In an ideal world, I would have had my second baby by the time I turned 30.
My first-born - whom I had at the age of 26 - would be around three years older than her younger sibling. But that was not meant to be.
I waited, and now my girls are more than six years apart.
The older one is now eight and in Primary 2, while her 18-month-old mei mei (little sister) has not even started potty-training.
Should you wait, like I did, or have another one as soon as possible?
Most experts suggest spacing kids three years apart.
Any pregnancy will pose a strain and stress on the mother, said Dr Chua Yang, a consultant obstetrician and gynaecologist at A Clinic For Women at Mount Alvernia Hospital.
Then, there are the demands of caring for a newborn, making you tired and less fit.
That is why Dr Chua recommends that you wait at least two years before trying for another child.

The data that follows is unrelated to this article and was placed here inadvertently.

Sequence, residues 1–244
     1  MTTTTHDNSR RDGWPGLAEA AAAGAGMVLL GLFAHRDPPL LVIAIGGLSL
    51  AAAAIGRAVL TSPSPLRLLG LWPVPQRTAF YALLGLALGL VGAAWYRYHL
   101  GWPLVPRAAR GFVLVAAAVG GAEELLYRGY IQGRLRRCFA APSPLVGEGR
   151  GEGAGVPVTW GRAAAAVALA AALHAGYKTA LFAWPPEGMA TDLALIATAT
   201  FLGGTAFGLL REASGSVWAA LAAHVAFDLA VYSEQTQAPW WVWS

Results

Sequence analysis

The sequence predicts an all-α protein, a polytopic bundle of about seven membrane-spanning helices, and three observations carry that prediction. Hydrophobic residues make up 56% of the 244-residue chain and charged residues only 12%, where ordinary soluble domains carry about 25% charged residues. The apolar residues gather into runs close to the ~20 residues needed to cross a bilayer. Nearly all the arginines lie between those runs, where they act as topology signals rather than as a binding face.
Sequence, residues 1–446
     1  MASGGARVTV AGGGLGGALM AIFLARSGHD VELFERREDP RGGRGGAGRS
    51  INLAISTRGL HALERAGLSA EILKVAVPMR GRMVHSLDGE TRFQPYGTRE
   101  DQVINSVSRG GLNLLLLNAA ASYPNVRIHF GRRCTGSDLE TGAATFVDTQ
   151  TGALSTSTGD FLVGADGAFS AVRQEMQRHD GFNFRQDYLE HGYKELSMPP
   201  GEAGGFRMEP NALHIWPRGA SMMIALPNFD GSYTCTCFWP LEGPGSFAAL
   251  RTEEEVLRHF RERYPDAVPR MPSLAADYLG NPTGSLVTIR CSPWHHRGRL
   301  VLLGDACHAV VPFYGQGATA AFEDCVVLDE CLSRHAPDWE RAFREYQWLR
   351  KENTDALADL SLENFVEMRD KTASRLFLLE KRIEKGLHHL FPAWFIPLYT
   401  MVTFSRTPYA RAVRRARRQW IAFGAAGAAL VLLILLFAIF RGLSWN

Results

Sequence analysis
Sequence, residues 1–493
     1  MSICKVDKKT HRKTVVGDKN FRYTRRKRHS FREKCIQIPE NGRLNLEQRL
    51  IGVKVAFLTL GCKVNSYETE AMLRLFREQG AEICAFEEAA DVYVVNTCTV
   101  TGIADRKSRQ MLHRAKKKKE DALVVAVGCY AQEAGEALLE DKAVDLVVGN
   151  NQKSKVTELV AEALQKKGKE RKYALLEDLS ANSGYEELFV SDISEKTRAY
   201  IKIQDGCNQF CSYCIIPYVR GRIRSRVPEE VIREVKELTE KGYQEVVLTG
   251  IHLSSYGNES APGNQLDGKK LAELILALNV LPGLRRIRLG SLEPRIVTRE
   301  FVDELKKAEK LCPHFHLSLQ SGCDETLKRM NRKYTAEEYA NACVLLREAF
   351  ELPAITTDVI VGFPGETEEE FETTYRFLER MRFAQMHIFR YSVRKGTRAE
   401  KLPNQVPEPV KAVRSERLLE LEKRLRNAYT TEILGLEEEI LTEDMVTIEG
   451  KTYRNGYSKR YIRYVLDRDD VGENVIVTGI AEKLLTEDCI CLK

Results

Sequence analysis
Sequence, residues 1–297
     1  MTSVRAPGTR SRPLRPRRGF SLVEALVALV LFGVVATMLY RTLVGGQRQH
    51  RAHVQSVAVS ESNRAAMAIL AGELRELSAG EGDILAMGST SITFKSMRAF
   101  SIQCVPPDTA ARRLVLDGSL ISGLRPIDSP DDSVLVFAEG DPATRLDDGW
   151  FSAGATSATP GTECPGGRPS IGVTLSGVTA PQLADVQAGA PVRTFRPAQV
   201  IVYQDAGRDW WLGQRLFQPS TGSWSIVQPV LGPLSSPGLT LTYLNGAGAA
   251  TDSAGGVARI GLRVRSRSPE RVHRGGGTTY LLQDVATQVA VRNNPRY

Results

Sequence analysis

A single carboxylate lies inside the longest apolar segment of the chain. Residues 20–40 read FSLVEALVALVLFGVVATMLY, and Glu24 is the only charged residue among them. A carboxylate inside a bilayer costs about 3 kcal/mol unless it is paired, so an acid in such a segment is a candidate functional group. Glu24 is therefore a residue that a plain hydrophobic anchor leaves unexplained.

This gives you time to recuperate from the pregnancy and delivery, and prime your health and fitness for the next baby.
She said this is especially important for mums who had a complicated pregnancy or delivery - for instance, a caesarean birth.
Back-to-back pregnancies may also compromise a baby's health.
An analysis of studies published in the International Journal Of Obstetrics And Gynaecology last year found that short intervals between pregnancies - of less than 18 months - increase the risk of pre-term birth.
There might even be a link between autism and close birth spacing, a new study found.
Published in the Journal Of The American Academy Of Child And Adolescent Psychiatry last year, it suggested that children conceived too close together - under a year - had a 50 per cent higher risk of autism, compared with those conceived two to five years after the birth of a sibling.
A wider age gap between kids might also increase their chances of becoming high achievers, according to a study from the Institute for Social and Economic Research at the University of Essex last year.
A longer stretch between children allows parents to devote more time to the first kid, said Dr Chong Shang Chee, the head of Child Development Unit at National University Hospital (NUH).
The younger child may even get a boost in her language and emotional development from interacting with a sibling who is at least three to four years older, she added.